News

Watchdog flags ‘safety risks’ at mental health trust ward for older people

Barnet, Enfield and Haringey Mental Health Trust’s ward at Chase Farm Hospital in Enfield has come under scrutiny, reports Simon Allin, Local Democracy Reporter

Barnet, Enfield and Haringey Mental Health Trust's ward at Chase Farm Hospital in Enfield has come under scrutiny
Chase Farm Hospital

A care watchdog has downgraded a service provided by a local mental health trust over safety concerns.

The Care Quality Commission (CQC) told Barnet, Enfield and Haringey Mental Health Trust to improve patient safety in some areas of known risk following inspections in May this year.

In a report published yesterday (Wednesday 11th), the CQC downgraded the trust’s wards for older people with mental health problems from ‘good’ to ‘requires improvement’. Mental health crisis services and health-based places of safety was re-rated as ‘requires improvement’.

The trust, which is now part of North London Mental Health Partnership, retained its overall rating of ‘good’.

Inspectors flagged up a number of safety concerns with Silver Birches, a ward at Chase Farm Hospital in Enfield that treats older people with mental health problems.

The CQC found governance processes at the ward – previously identified as having a high number of incidents around people’s physical health and risk of falls – were “not always sufficient to ensure the safety of patients”.

It said some staff were not aware of incidents that had happened on the ward, and six incidents relating to either safeguarding matters or falls that led to bone fractures had not been discussed with staff. Learning from incident investigations had not always been implemented.

Only two of the five staff on the ward who were required to complete mandatory training on immediate life support had done so.


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An inspection of mental health crisis services and health-based places of safety found the service did not always have robust systems and processes to safely prescribe, administer, record and store medicines.

Inspectors found the trust’s mental health crisis home treatment services in Enfield had too many cases compared to their resources. This meant staff did not always have enough time to meet people’s needs, and some urgently referred people were left waiting for more than four hours before they were seen.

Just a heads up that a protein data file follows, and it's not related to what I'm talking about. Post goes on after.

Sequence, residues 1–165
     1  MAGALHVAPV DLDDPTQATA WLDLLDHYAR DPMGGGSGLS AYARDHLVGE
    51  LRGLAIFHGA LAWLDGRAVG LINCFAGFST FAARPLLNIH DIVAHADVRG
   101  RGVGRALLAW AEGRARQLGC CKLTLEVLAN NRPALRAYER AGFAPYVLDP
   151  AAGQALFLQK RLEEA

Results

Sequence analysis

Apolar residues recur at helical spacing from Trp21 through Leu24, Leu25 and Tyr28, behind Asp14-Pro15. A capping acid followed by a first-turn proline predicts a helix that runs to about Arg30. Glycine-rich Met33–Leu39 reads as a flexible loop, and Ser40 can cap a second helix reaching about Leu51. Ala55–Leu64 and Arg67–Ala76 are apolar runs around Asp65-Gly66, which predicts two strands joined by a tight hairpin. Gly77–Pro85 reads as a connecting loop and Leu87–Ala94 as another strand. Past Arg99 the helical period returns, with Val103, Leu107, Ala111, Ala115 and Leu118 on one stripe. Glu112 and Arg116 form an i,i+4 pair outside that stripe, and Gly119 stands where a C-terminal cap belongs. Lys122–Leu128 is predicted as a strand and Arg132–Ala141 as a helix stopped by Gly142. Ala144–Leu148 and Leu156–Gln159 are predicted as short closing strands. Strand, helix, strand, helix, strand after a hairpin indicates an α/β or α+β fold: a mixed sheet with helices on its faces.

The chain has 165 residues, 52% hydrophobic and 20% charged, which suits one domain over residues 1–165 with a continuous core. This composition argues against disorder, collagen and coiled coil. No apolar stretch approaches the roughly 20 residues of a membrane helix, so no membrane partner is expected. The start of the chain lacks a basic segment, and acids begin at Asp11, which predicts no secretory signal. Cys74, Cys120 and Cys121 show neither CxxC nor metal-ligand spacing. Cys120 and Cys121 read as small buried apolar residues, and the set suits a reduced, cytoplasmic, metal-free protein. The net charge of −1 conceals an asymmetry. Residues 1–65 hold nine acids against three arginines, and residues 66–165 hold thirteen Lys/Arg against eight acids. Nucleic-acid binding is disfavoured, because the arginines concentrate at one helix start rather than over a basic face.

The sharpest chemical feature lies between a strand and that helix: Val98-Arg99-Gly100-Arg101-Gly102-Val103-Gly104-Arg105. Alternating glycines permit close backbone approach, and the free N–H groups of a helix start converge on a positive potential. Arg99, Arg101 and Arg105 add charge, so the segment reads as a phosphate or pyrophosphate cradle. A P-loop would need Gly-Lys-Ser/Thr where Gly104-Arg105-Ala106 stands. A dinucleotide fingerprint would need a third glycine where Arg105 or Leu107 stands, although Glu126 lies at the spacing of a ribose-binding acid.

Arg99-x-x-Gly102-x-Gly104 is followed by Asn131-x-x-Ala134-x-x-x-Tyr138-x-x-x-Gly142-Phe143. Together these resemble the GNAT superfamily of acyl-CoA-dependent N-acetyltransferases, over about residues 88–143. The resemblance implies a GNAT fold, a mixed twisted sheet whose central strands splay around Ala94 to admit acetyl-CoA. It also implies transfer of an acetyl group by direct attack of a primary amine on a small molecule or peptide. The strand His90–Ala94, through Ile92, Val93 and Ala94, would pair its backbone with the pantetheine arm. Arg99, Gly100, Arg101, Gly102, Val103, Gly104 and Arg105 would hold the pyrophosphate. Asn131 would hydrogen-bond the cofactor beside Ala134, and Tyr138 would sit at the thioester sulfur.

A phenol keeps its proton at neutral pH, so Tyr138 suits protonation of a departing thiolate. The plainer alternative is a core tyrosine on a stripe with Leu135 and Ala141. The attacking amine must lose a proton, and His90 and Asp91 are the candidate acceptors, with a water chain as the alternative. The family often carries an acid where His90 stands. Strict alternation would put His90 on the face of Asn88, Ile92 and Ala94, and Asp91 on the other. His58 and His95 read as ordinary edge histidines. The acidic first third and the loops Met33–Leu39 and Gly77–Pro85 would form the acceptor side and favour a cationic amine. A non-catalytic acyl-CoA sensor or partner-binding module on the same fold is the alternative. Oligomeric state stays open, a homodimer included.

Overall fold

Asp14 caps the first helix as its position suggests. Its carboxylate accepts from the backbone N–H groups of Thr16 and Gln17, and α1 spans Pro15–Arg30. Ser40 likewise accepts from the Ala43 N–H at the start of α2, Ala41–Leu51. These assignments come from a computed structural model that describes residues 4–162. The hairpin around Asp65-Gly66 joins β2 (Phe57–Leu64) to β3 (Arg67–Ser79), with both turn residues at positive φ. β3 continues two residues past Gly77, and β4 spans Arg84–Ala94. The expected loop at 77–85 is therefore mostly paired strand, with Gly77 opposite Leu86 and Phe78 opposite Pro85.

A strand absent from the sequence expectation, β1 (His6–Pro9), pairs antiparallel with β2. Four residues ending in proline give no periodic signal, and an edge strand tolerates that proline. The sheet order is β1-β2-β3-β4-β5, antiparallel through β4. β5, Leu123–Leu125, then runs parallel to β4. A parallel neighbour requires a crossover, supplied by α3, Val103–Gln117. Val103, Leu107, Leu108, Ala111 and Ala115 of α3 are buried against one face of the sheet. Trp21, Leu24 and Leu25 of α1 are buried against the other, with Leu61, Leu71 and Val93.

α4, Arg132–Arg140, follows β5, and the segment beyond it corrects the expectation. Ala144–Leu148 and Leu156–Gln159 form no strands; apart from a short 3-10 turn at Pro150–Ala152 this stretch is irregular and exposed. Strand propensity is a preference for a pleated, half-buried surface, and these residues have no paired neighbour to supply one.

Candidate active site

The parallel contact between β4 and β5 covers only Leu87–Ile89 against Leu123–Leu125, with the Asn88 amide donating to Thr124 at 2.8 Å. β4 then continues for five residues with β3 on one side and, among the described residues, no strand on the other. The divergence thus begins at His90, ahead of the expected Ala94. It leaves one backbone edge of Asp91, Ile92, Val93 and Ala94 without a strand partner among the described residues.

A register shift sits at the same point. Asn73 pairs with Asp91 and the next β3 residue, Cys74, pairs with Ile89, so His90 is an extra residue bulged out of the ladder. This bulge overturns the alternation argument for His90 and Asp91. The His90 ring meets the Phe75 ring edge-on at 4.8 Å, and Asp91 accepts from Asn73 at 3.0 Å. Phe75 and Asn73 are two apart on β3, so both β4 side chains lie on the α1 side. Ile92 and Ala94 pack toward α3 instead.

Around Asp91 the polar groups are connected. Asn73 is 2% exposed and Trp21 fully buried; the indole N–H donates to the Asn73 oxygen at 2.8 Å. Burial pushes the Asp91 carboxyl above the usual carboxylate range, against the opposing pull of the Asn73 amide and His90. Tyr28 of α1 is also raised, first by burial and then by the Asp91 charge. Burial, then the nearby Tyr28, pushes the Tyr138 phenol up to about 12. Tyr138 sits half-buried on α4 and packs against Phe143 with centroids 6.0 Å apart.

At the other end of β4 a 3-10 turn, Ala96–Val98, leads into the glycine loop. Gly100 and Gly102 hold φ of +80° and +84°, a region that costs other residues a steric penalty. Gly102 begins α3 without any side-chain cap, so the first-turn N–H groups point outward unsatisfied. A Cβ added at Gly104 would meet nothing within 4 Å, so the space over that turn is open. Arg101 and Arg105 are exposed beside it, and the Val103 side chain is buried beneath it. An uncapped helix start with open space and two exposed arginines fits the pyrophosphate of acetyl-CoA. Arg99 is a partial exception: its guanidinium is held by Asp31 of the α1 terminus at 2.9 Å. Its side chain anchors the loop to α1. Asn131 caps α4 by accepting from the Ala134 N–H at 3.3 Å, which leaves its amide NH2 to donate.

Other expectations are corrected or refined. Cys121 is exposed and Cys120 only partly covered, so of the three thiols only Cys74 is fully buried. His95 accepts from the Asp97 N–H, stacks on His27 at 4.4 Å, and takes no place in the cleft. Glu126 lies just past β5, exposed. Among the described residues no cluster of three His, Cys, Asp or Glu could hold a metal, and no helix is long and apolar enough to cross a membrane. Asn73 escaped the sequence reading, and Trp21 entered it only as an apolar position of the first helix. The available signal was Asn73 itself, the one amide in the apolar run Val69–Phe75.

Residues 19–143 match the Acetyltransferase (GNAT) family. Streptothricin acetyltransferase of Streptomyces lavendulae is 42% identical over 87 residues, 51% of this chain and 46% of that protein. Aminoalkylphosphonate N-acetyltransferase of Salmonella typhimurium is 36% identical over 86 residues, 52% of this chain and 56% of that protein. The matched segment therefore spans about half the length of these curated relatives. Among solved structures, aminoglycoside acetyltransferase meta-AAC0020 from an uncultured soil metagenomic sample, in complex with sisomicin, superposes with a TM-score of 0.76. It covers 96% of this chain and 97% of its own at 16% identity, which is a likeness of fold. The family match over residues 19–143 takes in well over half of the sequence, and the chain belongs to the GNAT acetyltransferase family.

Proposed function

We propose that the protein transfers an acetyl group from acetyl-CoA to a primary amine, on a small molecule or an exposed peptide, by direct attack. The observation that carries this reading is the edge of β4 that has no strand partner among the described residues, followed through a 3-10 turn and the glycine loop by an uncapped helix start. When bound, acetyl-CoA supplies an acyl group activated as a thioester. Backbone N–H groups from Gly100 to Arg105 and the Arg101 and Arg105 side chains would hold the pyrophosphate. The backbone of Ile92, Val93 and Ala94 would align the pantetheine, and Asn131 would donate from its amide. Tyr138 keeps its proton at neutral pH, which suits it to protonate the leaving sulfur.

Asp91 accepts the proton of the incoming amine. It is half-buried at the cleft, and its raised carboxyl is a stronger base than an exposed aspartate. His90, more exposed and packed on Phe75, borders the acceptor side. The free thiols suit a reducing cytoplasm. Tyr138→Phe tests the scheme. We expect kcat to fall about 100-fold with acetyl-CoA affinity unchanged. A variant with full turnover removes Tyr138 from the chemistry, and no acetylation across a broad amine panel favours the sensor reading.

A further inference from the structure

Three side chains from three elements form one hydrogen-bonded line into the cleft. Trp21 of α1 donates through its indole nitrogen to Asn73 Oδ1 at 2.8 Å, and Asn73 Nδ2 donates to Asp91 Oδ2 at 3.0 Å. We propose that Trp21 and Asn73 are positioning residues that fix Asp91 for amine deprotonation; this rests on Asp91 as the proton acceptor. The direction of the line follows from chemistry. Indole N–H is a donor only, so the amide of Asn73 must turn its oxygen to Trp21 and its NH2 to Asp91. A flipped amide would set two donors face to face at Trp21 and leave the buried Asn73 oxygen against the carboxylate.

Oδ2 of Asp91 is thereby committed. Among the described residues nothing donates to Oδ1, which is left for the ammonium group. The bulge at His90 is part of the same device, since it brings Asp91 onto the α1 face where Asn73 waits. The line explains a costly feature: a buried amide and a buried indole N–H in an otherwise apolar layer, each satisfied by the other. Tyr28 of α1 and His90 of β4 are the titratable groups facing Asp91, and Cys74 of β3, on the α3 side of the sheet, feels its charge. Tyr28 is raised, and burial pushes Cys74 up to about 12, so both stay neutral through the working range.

In addition, the completion of mandatory training was low and below the levels required in some teams. The failure to meet a target for a particular type of training was “potentially a risk to patient safety”.

Despite these failings, most aspects of care were rated ‘good’ for both services.

Jane Ray, CQC deputy director of operations in London, said: “When we inspected these services, we found leaders needed to make further improvements to people’s safety in some areas of known risk. However, most people received care from kind, skilled staff who knew how to meet their needs.

“We reported our findings to the trust so it knows where it must make improvements, and where there’s good practice it can build on.

“We’ll continue monitoring the trust to ensure people are safe and will return to assess whether improvements have been made.”

North London Mental Health Partnership said in a statement: “The safety, comfort and welfare of our service users are our highest priority and we have made many improvements since both inspections took place.

“We will now continue to focus on achieving the high standards the CQC noted in many parts of both services, consistently, across every area.”


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